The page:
Franklin Graham Among 'Billy' Movie Critics

While the upcoming movie based on the life of Billy Graham has been rallying supporters months ahead of its Oct. 10 release, it has also garnered some critics – the most prominent of which is the renowned evangelist's son.

"The Billy Graham Evangelistic Association has not collaborated with nor does it endorse the movie, 'Billy: The Early Years,'" expressed Franklin Graham in a written response as the organization's CEO last week.

"While the move covers many aspects of my father's early years, it depicts events that never happened or are greatly embellished," he added.

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According to The Guardian, the film's producers had been trying to get the blessings of Billy Graham and his family, including son Franklin, who reportedly was not thrilled about not having been shown a script before the movie was made.

Producer Larry Mortorff told the U.K.-based newspaper that copies of the finished film were delivered to Franklin Graham and the family.

"We hope what we've done is pleasing to him (Franklin)," said Mortorff. "It's a homage to his dad."

But according to Franklin's Aug. 18 statement, the ministry leader is not pleased.

Though he said he has "always appreciated those who painstakingly sought to tell his (Billy Graham's) story accurately," Franklin said the content of "Billy: The Early Years" "lacks my father's greatest passion: to preach the Gospel of the Lord Jesus Christ to the world and point men, women, and children to His saving power."

Franklin's spokesman, Mark DeMoss, further explained how he "felt there was not sufficient treatment of his father preaching."

"[A]nd when he was preaching, it was watered-down," DeMoss told The Charlotte Observer.

The upcoming film, which starts with Graham's teenage years in Charlotte, N.C., tells the story of Graham and his life before international prominence – from the legendary series of revival meetings in Charlotte that ultimately led to Graham's conversion in 1934 to the early stages of his relationship with Ruth Bell, the woman who Graham would eventually marry.

Starring 21-year-old actor Armie Hammer as the young Billy Graham, the movie attempts to capture the essence of Graham's journey from a young man at the crossroads of faith and doubt to ultimately facing the moment of decision that gave way to one of history's most influential evangelists.

Since June, the trailer for the movie has been posted in numerous Christian websites, including the increasingly popular website, which tallied nearly 30,000 viewers of the Graham movie trailer after about a month of exposure.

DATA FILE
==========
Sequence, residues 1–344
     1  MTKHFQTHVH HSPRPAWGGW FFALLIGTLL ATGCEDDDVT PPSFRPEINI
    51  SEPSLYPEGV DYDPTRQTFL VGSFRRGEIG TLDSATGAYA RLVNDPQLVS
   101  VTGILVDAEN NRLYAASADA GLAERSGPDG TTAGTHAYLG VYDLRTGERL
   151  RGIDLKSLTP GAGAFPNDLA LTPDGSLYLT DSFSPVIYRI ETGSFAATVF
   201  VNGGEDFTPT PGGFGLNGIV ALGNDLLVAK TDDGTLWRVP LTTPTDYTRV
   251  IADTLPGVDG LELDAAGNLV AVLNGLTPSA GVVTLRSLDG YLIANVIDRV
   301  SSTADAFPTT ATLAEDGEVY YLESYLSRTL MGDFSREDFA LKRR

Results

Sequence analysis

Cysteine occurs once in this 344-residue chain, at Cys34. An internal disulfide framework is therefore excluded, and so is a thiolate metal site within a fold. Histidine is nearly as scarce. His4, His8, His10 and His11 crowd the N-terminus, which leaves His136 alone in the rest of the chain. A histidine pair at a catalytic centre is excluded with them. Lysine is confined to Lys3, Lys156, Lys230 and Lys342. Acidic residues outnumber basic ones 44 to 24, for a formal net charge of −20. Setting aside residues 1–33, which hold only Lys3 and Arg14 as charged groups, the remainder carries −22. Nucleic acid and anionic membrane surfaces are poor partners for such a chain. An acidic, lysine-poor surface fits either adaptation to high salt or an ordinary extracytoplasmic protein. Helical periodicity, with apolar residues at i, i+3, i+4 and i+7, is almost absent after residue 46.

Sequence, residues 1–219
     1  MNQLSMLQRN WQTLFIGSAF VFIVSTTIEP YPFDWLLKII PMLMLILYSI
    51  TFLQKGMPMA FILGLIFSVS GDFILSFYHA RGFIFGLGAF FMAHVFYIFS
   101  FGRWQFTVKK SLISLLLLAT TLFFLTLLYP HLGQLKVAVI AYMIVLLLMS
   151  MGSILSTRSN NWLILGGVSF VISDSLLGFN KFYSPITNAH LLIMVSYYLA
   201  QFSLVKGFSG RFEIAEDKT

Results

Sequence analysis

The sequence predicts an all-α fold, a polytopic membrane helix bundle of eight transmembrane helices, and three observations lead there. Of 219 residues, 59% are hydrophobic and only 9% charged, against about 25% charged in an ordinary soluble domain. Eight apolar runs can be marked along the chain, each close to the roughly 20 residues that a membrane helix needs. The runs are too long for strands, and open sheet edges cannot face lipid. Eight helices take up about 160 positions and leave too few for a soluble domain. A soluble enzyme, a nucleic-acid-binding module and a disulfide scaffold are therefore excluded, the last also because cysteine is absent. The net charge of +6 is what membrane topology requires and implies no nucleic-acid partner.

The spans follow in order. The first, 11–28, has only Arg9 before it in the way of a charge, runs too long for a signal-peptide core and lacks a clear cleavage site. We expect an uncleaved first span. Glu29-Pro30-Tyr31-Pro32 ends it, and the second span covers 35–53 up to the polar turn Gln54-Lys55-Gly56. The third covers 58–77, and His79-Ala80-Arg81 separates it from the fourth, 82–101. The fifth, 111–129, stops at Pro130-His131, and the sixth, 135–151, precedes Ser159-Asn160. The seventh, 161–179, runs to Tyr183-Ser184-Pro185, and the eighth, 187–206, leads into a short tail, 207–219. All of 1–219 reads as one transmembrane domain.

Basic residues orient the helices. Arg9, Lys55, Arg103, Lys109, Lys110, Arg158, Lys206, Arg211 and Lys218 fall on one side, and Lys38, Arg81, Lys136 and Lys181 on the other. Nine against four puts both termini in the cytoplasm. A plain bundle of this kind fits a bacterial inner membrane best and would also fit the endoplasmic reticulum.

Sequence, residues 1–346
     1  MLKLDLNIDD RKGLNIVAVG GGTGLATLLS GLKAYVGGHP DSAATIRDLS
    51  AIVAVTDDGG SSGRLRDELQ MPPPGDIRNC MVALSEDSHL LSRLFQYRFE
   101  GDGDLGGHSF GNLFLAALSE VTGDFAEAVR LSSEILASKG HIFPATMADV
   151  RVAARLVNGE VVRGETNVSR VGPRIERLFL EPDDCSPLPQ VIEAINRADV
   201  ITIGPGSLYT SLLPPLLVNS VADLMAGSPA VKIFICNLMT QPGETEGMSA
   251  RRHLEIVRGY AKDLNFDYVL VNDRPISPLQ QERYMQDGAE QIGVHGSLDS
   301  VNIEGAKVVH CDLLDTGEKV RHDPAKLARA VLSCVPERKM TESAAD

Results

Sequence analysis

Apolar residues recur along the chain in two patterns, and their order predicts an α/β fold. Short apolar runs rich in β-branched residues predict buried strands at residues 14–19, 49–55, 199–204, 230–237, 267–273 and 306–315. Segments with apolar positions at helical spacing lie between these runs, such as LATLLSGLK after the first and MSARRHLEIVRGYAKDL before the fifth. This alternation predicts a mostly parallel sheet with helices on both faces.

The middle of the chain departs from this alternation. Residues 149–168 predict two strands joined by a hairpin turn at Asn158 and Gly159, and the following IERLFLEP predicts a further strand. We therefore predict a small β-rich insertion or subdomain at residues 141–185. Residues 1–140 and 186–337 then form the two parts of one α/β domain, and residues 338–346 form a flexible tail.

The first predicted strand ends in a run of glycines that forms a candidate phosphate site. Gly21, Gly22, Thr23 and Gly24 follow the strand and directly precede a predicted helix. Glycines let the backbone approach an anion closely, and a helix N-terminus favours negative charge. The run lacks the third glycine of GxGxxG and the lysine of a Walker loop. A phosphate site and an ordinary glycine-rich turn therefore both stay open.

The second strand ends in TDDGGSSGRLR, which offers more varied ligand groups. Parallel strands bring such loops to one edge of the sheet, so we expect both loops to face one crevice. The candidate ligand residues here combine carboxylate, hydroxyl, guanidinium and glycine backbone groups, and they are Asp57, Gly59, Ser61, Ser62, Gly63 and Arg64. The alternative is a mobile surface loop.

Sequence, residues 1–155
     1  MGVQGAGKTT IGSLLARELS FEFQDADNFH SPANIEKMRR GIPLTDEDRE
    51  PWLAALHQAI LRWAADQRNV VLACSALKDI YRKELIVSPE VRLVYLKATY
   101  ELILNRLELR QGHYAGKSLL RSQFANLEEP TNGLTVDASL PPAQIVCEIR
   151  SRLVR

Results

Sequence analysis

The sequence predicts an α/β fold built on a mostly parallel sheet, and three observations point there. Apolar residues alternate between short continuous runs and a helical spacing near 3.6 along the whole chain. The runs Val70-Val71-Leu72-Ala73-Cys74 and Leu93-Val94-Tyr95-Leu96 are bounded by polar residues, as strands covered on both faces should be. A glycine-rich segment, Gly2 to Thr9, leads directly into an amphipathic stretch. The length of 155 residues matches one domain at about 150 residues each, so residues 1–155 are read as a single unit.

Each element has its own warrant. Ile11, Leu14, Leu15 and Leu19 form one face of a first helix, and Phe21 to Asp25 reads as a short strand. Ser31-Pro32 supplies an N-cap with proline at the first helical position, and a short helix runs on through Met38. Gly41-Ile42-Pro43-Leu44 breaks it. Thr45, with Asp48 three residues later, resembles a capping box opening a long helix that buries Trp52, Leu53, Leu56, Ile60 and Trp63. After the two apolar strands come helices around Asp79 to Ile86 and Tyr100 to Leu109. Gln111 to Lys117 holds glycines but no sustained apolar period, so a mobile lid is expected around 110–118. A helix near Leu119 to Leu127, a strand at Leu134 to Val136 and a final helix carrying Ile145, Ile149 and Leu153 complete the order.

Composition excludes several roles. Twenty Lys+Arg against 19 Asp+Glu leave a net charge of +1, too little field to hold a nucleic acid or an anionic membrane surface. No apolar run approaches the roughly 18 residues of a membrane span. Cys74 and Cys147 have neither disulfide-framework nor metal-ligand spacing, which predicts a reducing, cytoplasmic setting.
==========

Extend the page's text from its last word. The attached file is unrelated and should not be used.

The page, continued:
The producers of "Billy: The Early Years" have also been hoping to generate some buzz in the coming weeks by holding more than 50 advanced screenings for the movie.

The latest buzz, however, is certainly one they would have preferred to do without. And the oldest of Billy Graham's five children would likely agree.

"I don't want to say anything wrong about my brother, but I just don't see it the way he does," Gigi Graham told Christianity Today. "Franklin called me and said he thought the movie was dorky. But I think it's good and positive, and I think it honors the Lord and my mother and daddy.

"I don't know why Franklin felt like he had to make a public statement. I wish he'd just left it alone."

While Gigi does not dispute some of the inaccuracies in the film, she has praised the movie and also been hired as a consultant to help promote the film.

She also pointed out that while she believes the film does portray her father's passion for preaching, more important than the passion was the calling.

"I'm not sure Daddy ever had a passion for preaching. Daddy had a calling, and he accepted that calling and faithfully followed it," she told CT.

Furthermore, though DeMoss said Franklin felt the film "completely misrepresented Bob Jones [Sr.]" in the scene where the then-president of fundamentalist Bob Jones College tells young Billy Graham that he will never amount to anything, The Charlotte Observer noted that the scene may not be so off the mark according to Billy Graham's autobiography, Just As I Am.

"I asked for an interview with Dr. Bob in his office and told him about my discontent and my thoughts of leaving," Billy Graham wrote in his 1997 autobiography. "His voice booming, he pronounced me a failure and predicted only more failure ahead."

And regarding the other "inaccuracies," Gigi and filmmaker Bill McKay told CT that they felt Franklin was just nitpicking.

"People need to remember that the movie is fiction based on fact," said Gigi, who has seen the movie about 10 times. "Daddy was not at my birth, but who cares?" She said filmmakers were simply injecting some humor into the scene.

"Look," added McKay, "it's a movie, not a documentary. We were just trying to humanize the experience in that scene. But every step of the way, we tried very hard to be faithful to Dr. Graham's story."

In addition to Hammer, who will star as the upcoming Batman/Bruce Wayne in the new film "Justice League: Mortal," "Billy: The Early Years" features Oscar-winner Martin Landau (Mission: Impossible, Ed Wood) and Lindsay Wagner (The Bionic Woman); as well as Stefanie Butler (CSI: NY), daughter of ex-Atlanta Brave Brett Butler; Kristoffer Polaha (North Shore) and platinum selling country sensation Josh Turner ("Long Black Train") as singer George Beverly Shea. John Carter Cash, son of John and June Carter Cash, serves as music producer and the film's director is veteran actor/director and Golden Globe nominee Robby Benson, who many know to be the voice of the Beast in Disney's "Beauty and the Beast."

"Billy: The Early Years" was filmed in and around Nashville with a 90 percent Tennessee crew, according to the film's promoters.

It is set to release less than a month before Graham's 90th birthday.

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